Blackhawks learn, adjust after Kevin Hayes' situation

CHICAGO -- The Chicago Blackhawks weren’t OK with losing former first-round draft pick Kevin Hayes to free agency and ultimately to the New York Rangers last year.

The Blackhawks put a lot of time into Hayes’ development and offered him a contract after his senior college season. He opted to not sign with the Blackhawks by the August deadline in 2014 and became a free agent. As Hayes has had a productive NHL rookie season, it’s something that still bothers the Blackhawks.

It’s also something the Blackhawks have learned from and don’t want to repeat. The Blackhawks aren’t in the business of guaranteeing NHL time to anyone, but they have become more aggressive in signing their own prospects and college free agents.

“You know it was unfortunate what happened with Kevin,” Blackhawks assistant general manager Norm Maciver said on Thursday. “Obviously someone we drafted, we’ve liked and we spent a lot of time with him. It was disappointing that he didn’t want to sign with us. I think we realize we certainly don’t want that to happen again. Did it change us? Yeah, maybe a little bit.”

That change was especially apparent as they worked to sign Mike Paliotta recently. Paliotta was a 2011 third-round draft pick and was one of the best defensemen in college at Vermont this season. Like Hayes, Paliotta had the option to wait and become a free agent in August.

As Paliotta pondered his decision, the possibility of him spurning the Blackhawks became more realistic. Faced with that, Blackhawks general manager Stan Bowman pushed even harder to convince Paliotta to sign. Bowman was willing to burn the first year of a two-year entry-level deal for Paliotta this season. That was important to Paliotta’s camp.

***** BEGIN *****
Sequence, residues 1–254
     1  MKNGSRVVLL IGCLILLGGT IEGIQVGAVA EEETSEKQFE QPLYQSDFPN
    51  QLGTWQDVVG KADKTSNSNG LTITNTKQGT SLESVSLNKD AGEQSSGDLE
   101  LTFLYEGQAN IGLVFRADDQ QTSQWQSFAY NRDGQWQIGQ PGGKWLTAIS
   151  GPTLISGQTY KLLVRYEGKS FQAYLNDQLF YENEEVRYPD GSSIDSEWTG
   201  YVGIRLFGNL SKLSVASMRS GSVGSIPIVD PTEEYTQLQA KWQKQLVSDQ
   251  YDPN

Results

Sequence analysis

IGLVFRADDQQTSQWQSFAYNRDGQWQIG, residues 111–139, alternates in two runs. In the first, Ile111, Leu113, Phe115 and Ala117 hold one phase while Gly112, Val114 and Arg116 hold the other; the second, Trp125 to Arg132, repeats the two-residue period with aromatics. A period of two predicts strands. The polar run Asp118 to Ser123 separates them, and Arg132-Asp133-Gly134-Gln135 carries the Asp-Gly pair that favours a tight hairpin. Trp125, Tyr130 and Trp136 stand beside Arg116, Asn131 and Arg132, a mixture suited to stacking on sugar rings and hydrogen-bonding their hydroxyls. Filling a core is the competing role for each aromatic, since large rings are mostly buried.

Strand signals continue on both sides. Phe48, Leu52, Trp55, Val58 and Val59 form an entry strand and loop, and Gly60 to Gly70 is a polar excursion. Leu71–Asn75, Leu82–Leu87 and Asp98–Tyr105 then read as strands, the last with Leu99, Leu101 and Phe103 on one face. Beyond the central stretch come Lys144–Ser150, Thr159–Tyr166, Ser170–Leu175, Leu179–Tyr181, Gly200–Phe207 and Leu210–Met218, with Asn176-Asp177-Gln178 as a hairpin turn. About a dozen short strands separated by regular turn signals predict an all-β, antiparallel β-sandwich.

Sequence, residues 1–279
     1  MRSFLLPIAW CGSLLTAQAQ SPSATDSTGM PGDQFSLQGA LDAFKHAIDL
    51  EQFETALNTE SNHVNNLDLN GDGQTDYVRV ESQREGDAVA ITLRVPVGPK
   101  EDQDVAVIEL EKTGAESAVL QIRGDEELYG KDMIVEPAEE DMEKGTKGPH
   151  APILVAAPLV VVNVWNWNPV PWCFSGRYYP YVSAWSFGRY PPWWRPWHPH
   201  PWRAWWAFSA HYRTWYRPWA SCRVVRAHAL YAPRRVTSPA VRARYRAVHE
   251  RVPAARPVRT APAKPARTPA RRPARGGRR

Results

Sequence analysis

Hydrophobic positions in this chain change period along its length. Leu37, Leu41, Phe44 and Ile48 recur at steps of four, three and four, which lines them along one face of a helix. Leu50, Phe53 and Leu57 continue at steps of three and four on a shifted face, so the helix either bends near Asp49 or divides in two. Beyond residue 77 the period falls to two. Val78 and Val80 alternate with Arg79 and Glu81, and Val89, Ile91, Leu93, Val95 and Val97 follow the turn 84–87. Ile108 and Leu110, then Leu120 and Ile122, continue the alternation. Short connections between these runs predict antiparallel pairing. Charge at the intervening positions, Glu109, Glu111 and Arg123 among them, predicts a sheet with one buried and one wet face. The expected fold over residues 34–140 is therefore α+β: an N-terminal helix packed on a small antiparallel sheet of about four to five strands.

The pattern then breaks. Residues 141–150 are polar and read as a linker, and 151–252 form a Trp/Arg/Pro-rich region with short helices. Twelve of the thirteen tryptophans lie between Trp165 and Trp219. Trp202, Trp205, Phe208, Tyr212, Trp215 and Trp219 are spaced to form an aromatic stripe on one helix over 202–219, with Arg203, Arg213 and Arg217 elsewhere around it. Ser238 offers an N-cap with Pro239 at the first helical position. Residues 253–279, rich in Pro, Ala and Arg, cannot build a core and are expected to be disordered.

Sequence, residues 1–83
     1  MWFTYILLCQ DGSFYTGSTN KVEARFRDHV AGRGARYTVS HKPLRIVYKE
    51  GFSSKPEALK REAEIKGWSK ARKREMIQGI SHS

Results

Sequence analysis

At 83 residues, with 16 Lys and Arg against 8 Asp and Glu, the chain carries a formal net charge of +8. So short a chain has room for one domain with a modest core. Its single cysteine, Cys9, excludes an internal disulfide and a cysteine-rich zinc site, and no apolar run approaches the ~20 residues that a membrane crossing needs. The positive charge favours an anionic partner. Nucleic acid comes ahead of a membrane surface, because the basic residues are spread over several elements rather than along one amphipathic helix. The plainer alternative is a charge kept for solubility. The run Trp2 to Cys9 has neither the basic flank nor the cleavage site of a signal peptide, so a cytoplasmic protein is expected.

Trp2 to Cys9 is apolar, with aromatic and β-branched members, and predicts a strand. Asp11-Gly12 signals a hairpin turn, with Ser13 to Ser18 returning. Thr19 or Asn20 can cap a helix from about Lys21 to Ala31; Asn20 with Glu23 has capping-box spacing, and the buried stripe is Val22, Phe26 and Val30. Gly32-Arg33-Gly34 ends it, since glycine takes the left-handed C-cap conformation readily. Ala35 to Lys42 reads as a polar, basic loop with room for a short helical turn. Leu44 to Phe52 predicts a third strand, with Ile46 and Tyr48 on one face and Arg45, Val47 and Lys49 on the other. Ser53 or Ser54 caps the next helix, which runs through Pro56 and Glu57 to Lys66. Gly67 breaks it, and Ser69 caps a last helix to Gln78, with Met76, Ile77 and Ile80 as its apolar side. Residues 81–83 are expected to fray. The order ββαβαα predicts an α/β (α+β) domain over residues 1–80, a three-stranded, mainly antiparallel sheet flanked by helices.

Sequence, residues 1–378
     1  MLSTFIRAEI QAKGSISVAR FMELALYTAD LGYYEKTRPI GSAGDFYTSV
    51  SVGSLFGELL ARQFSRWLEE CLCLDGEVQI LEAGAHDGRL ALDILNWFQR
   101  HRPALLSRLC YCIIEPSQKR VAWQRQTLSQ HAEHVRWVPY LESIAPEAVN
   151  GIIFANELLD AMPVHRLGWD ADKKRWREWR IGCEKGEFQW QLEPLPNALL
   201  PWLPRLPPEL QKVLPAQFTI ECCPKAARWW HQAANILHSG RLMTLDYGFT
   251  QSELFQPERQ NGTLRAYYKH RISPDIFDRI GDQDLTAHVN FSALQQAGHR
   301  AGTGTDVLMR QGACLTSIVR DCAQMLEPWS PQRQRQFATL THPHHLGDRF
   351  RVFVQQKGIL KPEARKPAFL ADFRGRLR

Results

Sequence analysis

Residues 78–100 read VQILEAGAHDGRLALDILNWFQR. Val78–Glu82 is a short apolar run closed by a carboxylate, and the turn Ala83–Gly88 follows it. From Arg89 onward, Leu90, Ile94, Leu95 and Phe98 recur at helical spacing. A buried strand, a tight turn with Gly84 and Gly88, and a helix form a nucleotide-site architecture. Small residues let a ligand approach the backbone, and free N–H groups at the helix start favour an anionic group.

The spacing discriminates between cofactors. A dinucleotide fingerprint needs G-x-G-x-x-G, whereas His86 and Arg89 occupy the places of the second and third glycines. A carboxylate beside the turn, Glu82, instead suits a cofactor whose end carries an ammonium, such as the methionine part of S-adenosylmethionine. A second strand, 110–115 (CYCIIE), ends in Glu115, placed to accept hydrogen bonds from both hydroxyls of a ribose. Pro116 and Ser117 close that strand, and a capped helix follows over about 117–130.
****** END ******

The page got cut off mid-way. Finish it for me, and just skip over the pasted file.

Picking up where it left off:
The Blackhawks also fully explained their future salary-cap situation. With Patrick Kane and Jonathan Toews’ identical eight-year, $84 million contracts going into effect next season and the salary cap not expected to rise greatly, the Blackhawks will be forced to rework their roster. Some players won’t be re-signed, others will be traded. All of that opens opportunities for younger and cheaper players.

“I think the other thing people also realize is with the salary-cap situation being what it is, there has been opportunities and there will be in the future because of the amount of turnover that has taken place and will continue to have to take place,” Maciver said.

Paliotta eventually bought the pitch and signed with the Blackhawks.

“I think he realizes this is a good fit for him,” Maciver said. “Again, opportunity. Again, no promises, but certainly there will be opportunity. There’s going to be some change, and there will be opportunities next year. I think he realizes that he’s in the mix for players that have an opportunity to make our team next year.”

One agent also believed the Blackhawks have become even more hands on with their prospects.

“From experience, they spend the time in watching and getting to know their prospects and investing in their prospects,” the agent said, speaking anonymously. “That goes a long way. I think they go that extra mile. It certainly seems like they have done that more recently. You even see how they’ve added to their player development staff.”

The Blackhawks also pulled out the stops to sign college free agents Kyle Baun, a junior forward at Colgate, and Tanner Kero, a senior forward at Michigan Tech. Both players had offers in the double digits from NHL teams. Both players’ agents said the Blackhawks impressed their clients and persuaded them Chicago was the best fit for them.